Although not discussed in Wiedrich's memoir, in 1959 Cain murdered Harry Figel who used underage teenage boys to shake down chicken hawks in the Greyhound Bus terminal. Cain claimed he shot Figel in self-defense in an attempt to arrest him pursuant to an undercover investigation into the sextortion racket. However, Figel's murder likely was the resullt of a failure to pay street tax to the Outfit. Indeed, a witness alleged that a week earlier Cain and another detective beat up Figel for not making payments, and after Figel's murder dirty cops and mob thugs took over the so-called chicken-and-bulls extortion racket until the feds busted it in 1966. Cain was forced to resign from the Chicago police force in 1962 once several of his crimes came to light, and very few shed a tear with his murder a decade later.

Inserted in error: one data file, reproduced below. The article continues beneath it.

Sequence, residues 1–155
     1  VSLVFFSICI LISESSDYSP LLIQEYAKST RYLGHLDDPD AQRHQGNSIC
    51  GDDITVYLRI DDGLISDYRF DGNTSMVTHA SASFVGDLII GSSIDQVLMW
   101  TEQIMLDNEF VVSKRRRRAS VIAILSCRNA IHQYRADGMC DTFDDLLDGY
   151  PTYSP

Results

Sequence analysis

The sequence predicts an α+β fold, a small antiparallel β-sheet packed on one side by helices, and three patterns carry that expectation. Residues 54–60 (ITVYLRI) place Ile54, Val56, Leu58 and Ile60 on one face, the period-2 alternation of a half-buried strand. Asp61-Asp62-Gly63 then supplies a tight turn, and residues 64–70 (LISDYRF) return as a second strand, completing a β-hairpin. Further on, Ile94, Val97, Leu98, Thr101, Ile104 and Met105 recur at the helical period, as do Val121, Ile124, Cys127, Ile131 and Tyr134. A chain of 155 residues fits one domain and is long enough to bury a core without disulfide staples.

Wiedrich regrettably had to write about more than a few dirty cops, and during the 1970s reported on pervasive corruption within the police force. Dozens of cops in multiple districts were indicted by the feds for not only taking bribes to protect mob interests but further shaking down legitmate businesses including taverns and restaurants on the Far West Side and nightclubs on the Near North Side. When Wiedrich reported about proprietors complaining they had been threatened by police officers not to cooperate with the federal investigation, he even got a visit from a district commander asking for their names. Of course, Wiedrich refused the request: "It was obvious that if I had done so, the informants would have suffered dire consequences." Unfortunately, the 1970s were a time when many cops were not your friends.